The other question is: should the project manager play the role of change agent or should they operate in a support role? I think the more complex the project is and the more it requires the stakeholders to change not only how they do their jobs but also their priorities, commitments, and loyalties, the more organizations look to the PM to also play the role of change agent.

      I personally think that, in most organizations, there is a leadership vacuum in regard to complex change initiatives that the PM ends up needing to fill. I think PMs should step in and play this role anytime there is a vacuum. Even of the PM does not have all the skills necessary for the role, I think at least with such experiences and overtime the PM will develop the muscles needed for this work in future projects. Otherwise, it is incredibly difficult to deliver such complex change projects successfully, if the project manager just focuses on their PM duties.

      I would love to hear you take.

      • Shim Marom
        March 17, 2010 | 6:31 pm

        Interesting points mate. One thing I learned over the years is that there are absolutely no absolutes and that no view point is entirely invalid as we all have our own individual observations, experiences and interpretations of reality. In that light I’d like to first of all emphasize my view that although I disagree with some of your comments I nevertheless respect your opinion unreservedly.

        So just a few points:

        1. I’m not sure whether or not we, as project managers have the capacity, nor the ethical or professional responsibility to “ensure stakeholders are not making choices that dilute the business objective of the project”. After, it is the stakeholders who, in their collective wisdom, helped shape the business objectives in the first place. We are given a set of objectives and if these change due to this business decision or another, it’s our job to manage that transition via scope control.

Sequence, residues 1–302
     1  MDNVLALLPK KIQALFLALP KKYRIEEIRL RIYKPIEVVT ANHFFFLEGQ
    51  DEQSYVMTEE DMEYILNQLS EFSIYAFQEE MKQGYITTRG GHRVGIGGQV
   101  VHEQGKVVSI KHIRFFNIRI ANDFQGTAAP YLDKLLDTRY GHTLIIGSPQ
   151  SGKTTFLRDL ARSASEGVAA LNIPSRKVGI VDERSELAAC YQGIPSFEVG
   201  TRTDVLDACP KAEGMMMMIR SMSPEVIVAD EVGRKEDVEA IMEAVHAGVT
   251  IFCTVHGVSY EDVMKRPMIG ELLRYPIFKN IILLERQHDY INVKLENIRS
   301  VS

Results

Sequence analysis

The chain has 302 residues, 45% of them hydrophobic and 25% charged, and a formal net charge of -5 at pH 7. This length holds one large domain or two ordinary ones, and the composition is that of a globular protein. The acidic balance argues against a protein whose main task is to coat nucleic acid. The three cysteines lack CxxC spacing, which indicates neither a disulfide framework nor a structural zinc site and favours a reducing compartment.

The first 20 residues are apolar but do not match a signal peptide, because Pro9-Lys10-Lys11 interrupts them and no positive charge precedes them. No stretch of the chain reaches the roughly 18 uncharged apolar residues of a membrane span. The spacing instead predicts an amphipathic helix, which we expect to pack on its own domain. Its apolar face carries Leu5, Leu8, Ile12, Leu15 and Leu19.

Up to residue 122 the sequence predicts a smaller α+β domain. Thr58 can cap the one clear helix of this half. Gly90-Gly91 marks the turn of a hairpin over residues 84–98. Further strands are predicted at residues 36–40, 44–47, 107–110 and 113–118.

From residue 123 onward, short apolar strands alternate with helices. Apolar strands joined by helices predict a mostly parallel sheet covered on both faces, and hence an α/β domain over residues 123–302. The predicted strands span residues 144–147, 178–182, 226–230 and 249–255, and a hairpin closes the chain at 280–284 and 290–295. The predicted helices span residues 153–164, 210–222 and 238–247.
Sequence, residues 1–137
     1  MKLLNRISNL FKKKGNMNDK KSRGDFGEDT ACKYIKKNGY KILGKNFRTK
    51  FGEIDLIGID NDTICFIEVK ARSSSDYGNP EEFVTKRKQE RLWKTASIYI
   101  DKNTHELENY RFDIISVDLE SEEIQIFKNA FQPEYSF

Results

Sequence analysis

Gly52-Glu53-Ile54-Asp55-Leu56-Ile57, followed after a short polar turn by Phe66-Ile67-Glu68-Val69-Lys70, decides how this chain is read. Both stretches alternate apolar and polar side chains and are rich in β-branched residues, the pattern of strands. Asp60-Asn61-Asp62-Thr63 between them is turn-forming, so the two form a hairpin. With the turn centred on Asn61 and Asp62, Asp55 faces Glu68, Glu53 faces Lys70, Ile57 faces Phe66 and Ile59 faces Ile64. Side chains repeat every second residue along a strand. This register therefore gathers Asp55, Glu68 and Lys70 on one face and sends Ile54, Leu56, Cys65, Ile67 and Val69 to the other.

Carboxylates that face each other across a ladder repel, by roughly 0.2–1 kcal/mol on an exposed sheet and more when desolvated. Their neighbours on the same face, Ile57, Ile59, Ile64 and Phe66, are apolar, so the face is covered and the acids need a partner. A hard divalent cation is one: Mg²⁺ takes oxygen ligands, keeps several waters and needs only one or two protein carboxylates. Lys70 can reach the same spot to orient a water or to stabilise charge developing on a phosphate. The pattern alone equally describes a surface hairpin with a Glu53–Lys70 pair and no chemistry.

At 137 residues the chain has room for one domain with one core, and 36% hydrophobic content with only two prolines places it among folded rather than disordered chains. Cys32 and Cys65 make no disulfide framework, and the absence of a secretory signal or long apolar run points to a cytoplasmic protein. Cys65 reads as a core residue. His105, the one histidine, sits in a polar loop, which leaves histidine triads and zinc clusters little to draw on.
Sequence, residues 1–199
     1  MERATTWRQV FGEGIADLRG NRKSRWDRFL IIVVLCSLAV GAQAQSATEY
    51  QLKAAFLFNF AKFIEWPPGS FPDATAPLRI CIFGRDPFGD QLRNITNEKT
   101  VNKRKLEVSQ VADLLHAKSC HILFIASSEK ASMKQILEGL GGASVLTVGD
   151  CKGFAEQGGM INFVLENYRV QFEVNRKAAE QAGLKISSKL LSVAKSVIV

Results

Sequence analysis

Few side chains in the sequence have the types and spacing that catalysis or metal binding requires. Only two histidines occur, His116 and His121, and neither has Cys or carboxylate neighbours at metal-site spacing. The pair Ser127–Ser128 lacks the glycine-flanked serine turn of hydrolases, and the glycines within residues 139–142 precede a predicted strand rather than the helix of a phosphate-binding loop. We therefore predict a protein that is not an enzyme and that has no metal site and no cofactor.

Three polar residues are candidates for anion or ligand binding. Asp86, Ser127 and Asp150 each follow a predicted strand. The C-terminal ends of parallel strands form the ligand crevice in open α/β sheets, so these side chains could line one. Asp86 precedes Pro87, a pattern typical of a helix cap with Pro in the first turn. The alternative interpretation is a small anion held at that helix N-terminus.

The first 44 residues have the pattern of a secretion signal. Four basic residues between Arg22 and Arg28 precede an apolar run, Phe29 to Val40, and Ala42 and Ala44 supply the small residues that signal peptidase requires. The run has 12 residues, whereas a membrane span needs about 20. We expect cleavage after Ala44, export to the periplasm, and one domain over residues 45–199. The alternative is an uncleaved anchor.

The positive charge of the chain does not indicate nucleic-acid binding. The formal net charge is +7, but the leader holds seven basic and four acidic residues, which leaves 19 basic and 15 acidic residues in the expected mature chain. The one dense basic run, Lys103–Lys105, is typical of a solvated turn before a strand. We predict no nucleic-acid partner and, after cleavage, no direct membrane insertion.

2. I wonder about your comment regarding the role of the project manager as a change agent. Looking forward to other PM’s comments on this issue. I’ve expressed my view in my earlier comment.

        Keep on writing mate, that’s the only way we can enrich our collective knowledge base.

        Cheers, Shim
        http://www.quantmleap.com

        • samad_aidane
          March 18, 2010 | 12:40 am

          Thank you so much mate.

          You are so right that there are “absolutely no absolutes”. I love that.

          You are also so spot on when you said that we all have our own individual observations and interpretations. I think this is an exciting time that we have these blog posts as medium to have a dialogue to express our ideas and learn about each other experiences. I am thrilled anytime we can engage in these thought provoking discussions and I look forward to many rich and exciting conversations with you.

          Cheers,

          Samad

        • Geoff Crane
          March 18, 2010 | 7:21 am

          I totally dig your perspective on this, Shim. I would agree with you that if we’re dealing with one, maybe two stakeholders, it’s really up to them to decide what the business objectives are for their project.

          When the project becomes larger and increasingly complex, though, I find stakeholders stop agreeing on what the objectives are and start throwing food at one another instead.

          As project managers, we have to get to end of job; and since we’re the ones with the purview of the project, it often falls to us to influence our stakeholders and change their positions such that we can get agreement to proceed. If we don’t do this, our projects can stall.

          New ideas are really solutions to problems that people don’t know they have. In that context, I would agree with Samad that there is an element of “change agent” in what we do, because it’s often the only way to break stakeholder deadlock.

          My two cents anyway! 🙂
          Geoff.
          http://edge.papercutpm.com

          • Shim Marom
            March 18, 2010 | 4:59 pm

            Hey Geoff, I might be accused on being pedantic (but I’ll take the risk nevertheless). Just a few comments re. your comment:

            1. I would agree with the notion that a PM needs to operate as a facilitator, bringing different stakeholders together with the aim of achieving an amicable understanding.

            2. I am a bit concerned about the looseness of the term “our project”. it is only ours by the virtue of the charter given to us by the project sponsor. Ultimately the project really belongs to the sponsor and we are merely the sponsor’s agent entrusted with the task of driving the project to it’s completion. We can largely influence the ‘how’ but to a much lesser degree the ‘why’ and the ‘what’. If the ‘why’ and the ‘what’ are under review and their validity is questionable, strictly speaking it is not the PM’s business to get these issues resolved.

            What do you reckon?

            Cheers, Shim.

            • Geoff Crane
              March 19, 2010 | 12:20 am